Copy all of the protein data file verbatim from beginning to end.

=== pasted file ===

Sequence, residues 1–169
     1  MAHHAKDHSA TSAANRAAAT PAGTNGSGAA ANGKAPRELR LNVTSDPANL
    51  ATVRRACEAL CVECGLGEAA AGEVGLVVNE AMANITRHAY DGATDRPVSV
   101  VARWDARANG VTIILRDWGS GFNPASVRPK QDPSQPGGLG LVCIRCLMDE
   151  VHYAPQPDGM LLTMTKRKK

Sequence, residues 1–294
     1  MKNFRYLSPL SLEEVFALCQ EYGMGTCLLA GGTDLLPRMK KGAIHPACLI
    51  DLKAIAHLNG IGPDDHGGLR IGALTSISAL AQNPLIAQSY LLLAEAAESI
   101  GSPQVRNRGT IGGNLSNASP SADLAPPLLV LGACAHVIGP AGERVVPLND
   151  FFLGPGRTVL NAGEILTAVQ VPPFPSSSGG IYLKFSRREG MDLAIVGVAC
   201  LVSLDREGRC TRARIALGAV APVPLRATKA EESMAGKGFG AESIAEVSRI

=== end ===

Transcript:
Sequence, residues 1–169
     1  MAHHAKDHSA TSAANRAAAT PAGTNGSGAA ANGKAPRELR LNVTSDPANL
    51  ATVRRACEAL CVECGLGEAA AGEVGLVVNE AMANITRHAY DGATDRPVSV
   101  VARWDARANG VTIILRDWGS GFNPASVRPK QDPSQPGGLG LVCIRCLMDE
   151  VHYAPQPDGM LLTMTKRKK

Sequence, residues 1–294
     1  MKNFRYLSPL SLEEVFALCQ EYGMGTCLLA GGTDLLPRMK KGAIHPACLI
    51  DLKAIAHLNG IGPDDHGGLR IGALTSISAL AQNPLIAQSY LLLAEAAESI
   101  GSPQVRNRGT IGGNLSNASP SADLAPPLLV LGACAHVIGP AGERVVPLND
   151  FFLGPGRTVL NAGEILTAVQ VPPFPSSSGG IYLKFSRREG MDLAIVGVAC
   201  LVSLDREGRC TRARIALGAV APVPLRATKA EESMAGKGFG AESIAEVSRI